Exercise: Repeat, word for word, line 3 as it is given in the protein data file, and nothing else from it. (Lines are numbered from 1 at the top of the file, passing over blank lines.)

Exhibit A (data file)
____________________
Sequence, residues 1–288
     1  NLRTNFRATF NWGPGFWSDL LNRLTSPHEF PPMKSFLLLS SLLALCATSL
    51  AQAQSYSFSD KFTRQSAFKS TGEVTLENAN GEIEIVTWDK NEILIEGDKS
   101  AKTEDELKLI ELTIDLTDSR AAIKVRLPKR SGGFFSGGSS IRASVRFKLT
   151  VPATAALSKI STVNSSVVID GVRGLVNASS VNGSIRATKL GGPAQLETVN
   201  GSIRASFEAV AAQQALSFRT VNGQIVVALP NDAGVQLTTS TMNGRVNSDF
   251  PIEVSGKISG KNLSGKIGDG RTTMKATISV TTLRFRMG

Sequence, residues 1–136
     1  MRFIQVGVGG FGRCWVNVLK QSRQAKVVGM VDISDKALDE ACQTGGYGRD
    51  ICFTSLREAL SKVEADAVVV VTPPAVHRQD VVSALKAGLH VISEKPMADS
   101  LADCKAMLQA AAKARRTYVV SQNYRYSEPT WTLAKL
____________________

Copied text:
    51  AQAQSYSFSD KFTRQSAFKS TGEVTLENAN GEIEIVTWDK NEILIEGDKS